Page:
Many Charleston homes wow with their “good bones,” their strong architectural integrity and classic lines. Others boast a distinguished pedigree and historical gravitas, thanks to so-and-so-president or famous person who once stayed there. Some offer intrigue due to quirky tales or the colorful characters of former residents—the juicy fodder that fiction-prone tour guides love to embellish. But rare is the Charleston residence that can claim all of the above. And undeniably, the Villa Margherita is exceptional. The venerable columned manse, once a renowned hotel and now the newly spiffed up home of Stephen and Mary Hammond, has all this in spades, plus that truly rare Charleston element: a basement.
For the more recent decades of its storied 120-year history, however, Villa Margherita was perhaps most noteworthy for its wilting grandeur, its obvious giving way to the inevitabilities of time and entropy. While the primo properties surrounding this South Battery beauty were getting makeovers and TLC, the villa sat defiant in neglect. She whispered a reminder that there can be elegance in unvarnished reality, honor in wrinkled old age. We watched as her paint chipped, her columns crumbled, her once-proud, balustraded brow drooped and sagged. We recognized a bit of ourselves in her decline and wished it were otherwise.
“We were always drawn to this house—it had such mystery, such strong presence,” says homeowner Stephen Hammond. “We’d had our eye on it for years but were told the owner had no intention of selling.” A native New Yorker (“he’d only lived in apartments his whole life,” says his wife, Mary, noting the contrast to their spacious abode), Stephen had traveled regularly to and even lived part-time in Charleston, where his mother has a home and their family business, Lou Hammond and Associates, has an office. In 2011, he and Mary, now the marketing director for Garden & Gun magazine, moved here full-time, hoping to start a family and raise kids in a slower-paced place.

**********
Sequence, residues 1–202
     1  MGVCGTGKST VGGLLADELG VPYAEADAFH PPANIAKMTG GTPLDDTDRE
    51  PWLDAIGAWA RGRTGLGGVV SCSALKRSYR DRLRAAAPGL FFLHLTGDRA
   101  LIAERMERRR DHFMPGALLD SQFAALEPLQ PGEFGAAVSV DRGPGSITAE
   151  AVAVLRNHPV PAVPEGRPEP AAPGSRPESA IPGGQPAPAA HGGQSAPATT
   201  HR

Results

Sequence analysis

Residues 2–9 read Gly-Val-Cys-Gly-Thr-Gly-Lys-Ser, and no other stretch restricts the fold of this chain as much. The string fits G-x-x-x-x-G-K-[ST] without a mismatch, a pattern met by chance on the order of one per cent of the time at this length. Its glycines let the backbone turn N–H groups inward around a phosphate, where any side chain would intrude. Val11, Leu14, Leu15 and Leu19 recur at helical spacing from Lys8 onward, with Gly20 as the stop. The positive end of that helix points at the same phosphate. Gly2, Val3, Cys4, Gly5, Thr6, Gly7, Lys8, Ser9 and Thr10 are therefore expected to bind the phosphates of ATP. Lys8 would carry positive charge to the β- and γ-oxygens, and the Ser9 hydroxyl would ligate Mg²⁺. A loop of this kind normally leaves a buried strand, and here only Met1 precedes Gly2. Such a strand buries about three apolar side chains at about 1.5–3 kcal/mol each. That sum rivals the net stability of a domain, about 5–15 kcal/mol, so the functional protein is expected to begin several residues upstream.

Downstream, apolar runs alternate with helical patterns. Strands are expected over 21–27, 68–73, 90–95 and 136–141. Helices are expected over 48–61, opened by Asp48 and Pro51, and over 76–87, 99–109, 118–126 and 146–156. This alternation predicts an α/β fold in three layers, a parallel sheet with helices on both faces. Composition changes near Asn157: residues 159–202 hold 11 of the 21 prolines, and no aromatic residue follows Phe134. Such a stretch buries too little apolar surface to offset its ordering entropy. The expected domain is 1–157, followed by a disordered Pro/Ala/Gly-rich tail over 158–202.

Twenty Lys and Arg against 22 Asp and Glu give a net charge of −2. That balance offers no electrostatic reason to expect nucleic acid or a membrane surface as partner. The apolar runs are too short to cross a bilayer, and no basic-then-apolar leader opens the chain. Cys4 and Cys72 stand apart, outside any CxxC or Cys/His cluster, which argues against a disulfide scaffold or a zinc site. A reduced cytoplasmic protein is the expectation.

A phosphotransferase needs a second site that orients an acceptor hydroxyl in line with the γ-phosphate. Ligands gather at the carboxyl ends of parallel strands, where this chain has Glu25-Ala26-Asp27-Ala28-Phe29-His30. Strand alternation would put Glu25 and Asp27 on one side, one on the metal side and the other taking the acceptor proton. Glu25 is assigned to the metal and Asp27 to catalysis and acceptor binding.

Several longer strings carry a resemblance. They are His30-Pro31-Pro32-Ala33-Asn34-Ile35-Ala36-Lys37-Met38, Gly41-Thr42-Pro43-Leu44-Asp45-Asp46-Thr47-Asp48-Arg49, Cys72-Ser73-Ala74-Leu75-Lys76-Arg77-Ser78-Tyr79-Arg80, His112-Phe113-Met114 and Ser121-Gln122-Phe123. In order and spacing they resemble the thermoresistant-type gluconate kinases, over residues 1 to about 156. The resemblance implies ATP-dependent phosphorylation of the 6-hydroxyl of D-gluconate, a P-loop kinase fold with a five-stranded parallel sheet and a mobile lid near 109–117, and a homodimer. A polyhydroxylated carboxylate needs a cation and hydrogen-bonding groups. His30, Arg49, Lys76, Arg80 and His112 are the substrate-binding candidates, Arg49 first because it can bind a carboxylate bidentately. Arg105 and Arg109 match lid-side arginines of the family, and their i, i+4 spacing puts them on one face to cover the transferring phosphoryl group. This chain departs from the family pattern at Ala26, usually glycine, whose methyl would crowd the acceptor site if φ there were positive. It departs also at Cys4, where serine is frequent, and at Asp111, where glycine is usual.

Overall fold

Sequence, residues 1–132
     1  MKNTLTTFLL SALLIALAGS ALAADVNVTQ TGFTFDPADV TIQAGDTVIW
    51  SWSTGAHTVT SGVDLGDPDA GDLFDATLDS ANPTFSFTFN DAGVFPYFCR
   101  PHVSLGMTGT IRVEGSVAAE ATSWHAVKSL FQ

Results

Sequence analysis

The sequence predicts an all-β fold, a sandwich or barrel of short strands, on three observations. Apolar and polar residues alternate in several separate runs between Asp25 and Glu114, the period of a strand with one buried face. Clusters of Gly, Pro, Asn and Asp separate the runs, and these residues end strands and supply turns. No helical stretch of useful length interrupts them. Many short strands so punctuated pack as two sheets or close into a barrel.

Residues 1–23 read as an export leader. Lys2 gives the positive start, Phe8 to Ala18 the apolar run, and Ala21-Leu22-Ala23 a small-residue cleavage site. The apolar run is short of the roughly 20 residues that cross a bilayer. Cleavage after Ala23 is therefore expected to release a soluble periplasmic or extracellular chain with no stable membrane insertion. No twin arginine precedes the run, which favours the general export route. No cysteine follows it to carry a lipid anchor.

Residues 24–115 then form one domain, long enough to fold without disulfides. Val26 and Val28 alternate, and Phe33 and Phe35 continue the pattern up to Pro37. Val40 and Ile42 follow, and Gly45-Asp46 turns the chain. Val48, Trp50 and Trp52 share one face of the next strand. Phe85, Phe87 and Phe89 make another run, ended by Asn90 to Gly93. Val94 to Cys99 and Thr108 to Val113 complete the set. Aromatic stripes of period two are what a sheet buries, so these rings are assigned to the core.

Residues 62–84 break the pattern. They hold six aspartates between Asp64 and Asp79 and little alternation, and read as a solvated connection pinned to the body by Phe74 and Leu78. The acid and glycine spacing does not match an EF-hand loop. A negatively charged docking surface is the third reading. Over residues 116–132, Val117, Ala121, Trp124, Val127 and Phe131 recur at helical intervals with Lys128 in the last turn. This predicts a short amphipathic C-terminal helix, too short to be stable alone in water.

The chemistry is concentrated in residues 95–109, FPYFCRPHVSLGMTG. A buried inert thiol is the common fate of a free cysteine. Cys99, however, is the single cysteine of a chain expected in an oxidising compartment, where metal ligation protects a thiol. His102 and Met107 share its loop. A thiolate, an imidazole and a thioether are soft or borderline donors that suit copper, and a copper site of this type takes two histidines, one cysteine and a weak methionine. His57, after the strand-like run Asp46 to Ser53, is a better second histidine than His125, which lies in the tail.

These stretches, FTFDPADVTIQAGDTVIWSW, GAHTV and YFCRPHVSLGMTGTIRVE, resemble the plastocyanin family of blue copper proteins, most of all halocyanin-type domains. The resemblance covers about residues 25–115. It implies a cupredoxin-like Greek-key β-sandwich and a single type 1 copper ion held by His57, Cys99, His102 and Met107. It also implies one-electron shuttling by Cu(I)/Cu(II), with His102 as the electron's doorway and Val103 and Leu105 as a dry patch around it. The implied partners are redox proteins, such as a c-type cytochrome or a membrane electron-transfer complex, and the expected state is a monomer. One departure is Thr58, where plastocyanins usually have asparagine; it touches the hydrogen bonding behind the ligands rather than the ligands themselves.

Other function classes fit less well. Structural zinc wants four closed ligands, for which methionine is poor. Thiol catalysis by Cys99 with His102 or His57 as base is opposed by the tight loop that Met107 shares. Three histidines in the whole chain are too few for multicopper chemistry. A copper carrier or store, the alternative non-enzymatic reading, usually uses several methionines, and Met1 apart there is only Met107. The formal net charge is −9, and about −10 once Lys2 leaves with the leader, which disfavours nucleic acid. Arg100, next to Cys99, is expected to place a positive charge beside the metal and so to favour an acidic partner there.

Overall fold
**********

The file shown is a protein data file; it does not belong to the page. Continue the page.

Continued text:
They lived on nearby Tradd Street initially, but kept searching for a home they could make their own and grow into. Again and again, they came back to this property, lured by its handsome stature and ideal location overlooking White Point Garden and the harbor, as well as by curiosity about what surprises it held inside (no one had seen it in years) and dreams of what it could be again.
The Hammonds made repeated inquiries, to no avail. Contrary to outward appearances, the villa had not been vacant all those years. The owner, Dr. Mary B. Wilson, a pathologist at MUSC who had grown up in the house and inherited it from her parents, lived there, but only in an upstairs apartment. The bulk of the house she had closed off—it was simply too much for her to keep up. Before going into medicine later in life, Wilson studied at Winterthur and had a career in American decorative arts in Philadelphia. She knew and appreciated the artistry of her home and feared that if sold, it risked being chopped up and turned into condos or a B&B. In a way, she wasn’t neglecting as much as protecting it, by the only means she could—by holding on.
But the Hammonds held on to their dream, too, and patience and persistence ultimately paid off. “We wrote her a letter, assuring her we would keep it as a single-family home and only wanted to return it to its original state, to raise our kids here,” says Mary. In 2012, Wilson agreed to sell, and Villa Margherita changed hands for only the third time.
A Few Surprises